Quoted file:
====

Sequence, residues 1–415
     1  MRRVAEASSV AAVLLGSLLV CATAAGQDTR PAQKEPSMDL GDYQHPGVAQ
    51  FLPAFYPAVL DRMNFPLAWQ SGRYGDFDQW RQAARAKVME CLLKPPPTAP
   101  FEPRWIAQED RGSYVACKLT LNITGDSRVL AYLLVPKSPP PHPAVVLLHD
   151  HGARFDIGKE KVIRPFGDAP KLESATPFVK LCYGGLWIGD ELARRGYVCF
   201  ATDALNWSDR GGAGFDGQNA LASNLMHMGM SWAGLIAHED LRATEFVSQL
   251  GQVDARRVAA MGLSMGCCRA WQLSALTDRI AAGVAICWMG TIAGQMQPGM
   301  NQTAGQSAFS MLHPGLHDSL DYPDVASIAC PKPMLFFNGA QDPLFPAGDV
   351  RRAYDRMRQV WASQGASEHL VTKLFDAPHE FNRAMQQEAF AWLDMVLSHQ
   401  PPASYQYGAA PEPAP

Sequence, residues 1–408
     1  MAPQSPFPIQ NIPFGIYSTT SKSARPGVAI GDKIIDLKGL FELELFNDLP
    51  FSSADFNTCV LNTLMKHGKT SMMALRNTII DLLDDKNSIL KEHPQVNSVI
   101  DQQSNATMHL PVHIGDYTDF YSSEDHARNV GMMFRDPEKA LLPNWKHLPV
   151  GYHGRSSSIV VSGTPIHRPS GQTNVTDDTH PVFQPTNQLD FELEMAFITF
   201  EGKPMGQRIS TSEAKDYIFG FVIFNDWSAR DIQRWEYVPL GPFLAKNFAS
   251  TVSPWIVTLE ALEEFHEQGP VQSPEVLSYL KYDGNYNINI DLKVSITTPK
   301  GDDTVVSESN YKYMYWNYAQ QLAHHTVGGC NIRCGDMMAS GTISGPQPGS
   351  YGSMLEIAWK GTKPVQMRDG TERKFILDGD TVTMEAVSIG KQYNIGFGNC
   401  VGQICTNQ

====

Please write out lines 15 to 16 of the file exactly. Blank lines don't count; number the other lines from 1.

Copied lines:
   151  GYHGRSSSIV VSGTPIHRPS GQTNVTDDTH PVFQPTNQLD FELEMAFITF
   201  EGKPMGQRIS TSEAKDYIFG FVIFNDWSAR DIQRWEYVPL GPFLAKNFAS